South Carolina Republicans in Congress have been reluctant to discuss their support for Sanford, but Rep. Joe Wilson lamented to the Washington Post on Thursday that primary voters in his neighboring district had not chosen a different nominee in the March primary and April runoff.

“At least 10 to 12 of the people would have been terrific candidates,” Wilson said. “I’m concerned about how the primary worked out. It was just so unfortunate.”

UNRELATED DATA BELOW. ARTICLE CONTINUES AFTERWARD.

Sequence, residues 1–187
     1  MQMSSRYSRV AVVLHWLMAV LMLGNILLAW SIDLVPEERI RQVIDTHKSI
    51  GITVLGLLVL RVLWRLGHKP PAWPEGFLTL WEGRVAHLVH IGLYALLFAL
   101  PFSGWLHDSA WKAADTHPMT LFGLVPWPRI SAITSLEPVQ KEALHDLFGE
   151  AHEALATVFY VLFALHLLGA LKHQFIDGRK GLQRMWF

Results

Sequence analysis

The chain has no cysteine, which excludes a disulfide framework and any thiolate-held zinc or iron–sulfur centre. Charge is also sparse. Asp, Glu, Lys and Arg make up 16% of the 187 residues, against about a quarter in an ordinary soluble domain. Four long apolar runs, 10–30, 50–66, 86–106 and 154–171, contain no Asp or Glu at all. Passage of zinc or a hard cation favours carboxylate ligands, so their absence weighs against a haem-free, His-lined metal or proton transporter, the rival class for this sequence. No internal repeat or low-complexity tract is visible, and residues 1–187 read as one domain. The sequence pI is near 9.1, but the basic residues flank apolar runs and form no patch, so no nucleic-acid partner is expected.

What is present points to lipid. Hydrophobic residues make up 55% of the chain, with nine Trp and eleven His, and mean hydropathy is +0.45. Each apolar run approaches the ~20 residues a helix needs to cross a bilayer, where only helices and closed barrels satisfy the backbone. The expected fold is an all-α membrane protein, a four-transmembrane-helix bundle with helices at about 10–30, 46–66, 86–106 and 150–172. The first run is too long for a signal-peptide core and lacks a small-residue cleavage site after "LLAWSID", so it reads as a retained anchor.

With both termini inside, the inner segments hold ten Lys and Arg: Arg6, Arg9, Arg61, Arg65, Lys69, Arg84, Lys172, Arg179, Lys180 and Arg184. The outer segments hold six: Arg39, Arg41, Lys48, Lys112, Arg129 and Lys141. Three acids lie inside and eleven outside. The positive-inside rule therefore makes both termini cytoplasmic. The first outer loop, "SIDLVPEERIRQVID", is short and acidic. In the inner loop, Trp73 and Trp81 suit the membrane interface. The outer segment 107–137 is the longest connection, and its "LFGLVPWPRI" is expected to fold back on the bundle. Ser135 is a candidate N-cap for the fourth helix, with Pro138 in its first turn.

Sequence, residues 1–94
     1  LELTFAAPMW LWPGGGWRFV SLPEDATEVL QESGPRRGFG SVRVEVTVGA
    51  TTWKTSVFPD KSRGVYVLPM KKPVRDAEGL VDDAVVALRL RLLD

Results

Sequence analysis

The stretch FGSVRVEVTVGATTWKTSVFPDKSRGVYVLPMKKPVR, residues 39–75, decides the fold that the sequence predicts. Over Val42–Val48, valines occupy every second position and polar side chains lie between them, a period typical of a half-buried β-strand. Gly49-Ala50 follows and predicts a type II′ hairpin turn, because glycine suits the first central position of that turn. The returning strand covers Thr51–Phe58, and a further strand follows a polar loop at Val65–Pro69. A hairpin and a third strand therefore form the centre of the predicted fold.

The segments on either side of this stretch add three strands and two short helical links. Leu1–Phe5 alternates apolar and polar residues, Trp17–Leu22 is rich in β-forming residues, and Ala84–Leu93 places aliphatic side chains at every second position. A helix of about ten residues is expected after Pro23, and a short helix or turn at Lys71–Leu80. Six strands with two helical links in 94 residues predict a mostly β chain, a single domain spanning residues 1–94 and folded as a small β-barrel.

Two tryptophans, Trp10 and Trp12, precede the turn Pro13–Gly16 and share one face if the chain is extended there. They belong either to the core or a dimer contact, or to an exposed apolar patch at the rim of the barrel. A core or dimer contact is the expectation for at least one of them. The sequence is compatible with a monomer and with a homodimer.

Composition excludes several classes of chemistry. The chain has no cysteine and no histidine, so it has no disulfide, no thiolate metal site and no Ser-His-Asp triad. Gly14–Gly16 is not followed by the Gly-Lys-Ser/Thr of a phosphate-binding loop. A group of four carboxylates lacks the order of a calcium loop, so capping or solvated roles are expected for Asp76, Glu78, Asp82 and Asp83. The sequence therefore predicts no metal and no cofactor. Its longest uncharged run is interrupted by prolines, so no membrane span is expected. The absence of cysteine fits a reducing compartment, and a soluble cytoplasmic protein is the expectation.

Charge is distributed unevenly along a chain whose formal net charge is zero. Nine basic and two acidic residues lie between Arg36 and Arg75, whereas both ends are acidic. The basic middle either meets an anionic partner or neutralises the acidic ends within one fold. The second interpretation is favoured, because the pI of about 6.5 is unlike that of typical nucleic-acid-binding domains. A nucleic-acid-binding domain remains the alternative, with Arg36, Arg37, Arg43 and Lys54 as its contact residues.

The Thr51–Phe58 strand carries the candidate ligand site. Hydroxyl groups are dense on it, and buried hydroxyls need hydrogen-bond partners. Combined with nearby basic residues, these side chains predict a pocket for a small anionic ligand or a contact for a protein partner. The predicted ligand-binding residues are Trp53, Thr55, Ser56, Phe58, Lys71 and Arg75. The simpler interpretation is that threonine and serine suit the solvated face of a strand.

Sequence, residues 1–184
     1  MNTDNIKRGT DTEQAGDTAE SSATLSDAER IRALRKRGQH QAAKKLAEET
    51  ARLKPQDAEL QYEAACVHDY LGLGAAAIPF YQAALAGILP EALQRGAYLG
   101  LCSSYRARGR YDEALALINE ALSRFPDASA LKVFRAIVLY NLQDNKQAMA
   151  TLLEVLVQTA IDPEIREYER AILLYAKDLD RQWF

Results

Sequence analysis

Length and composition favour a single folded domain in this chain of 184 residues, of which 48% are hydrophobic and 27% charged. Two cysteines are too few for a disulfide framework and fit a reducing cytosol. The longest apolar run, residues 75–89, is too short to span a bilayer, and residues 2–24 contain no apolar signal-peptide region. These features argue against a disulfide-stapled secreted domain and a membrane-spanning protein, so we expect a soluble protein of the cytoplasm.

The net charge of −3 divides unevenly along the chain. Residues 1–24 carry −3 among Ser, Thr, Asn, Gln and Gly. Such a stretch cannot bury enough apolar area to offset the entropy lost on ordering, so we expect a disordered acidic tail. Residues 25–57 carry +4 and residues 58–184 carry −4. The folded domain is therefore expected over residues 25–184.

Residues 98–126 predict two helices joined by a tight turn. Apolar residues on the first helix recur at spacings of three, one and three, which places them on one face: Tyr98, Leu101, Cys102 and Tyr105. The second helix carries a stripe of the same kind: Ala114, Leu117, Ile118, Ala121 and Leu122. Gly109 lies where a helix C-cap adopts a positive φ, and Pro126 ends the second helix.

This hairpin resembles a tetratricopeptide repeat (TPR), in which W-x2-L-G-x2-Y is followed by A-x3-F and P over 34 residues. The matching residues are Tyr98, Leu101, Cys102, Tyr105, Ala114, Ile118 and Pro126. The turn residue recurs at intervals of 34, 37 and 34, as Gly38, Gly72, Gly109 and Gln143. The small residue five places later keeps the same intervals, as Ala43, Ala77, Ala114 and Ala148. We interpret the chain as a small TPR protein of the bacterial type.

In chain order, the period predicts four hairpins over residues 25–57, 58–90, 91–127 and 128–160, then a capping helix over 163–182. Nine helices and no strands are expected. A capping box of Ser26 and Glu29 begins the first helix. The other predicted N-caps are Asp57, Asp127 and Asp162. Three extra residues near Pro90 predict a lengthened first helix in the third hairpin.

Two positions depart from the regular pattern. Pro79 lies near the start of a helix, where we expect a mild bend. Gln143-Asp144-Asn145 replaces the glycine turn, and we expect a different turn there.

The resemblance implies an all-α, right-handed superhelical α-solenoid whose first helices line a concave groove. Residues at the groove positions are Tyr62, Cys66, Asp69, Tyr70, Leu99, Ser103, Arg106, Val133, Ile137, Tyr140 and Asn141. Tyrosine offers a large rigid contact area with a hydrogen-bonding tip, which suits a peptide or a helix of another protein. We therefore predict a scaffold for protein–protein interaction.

State Republican operatives, meanwhile, have been increasingly second-guessing their party’s wisdom in choosing someone whose political baggage was already vividly evident before last week’s revelation.

“Sometimes the worst wounds are self-inflicted,” said Greenville-based Republican consultant Chip Felkel. “The GOP and Sanford knew this was coming, and he still ran. And for some reason, the party allowed a crowded field, which paved the way. Lots of blame to go around if Colbert Busch wins.”

The Democrat has thus far declined to comment on the most recent Sanford controversy, allowing her opponent’s personal woes to speak for themselves.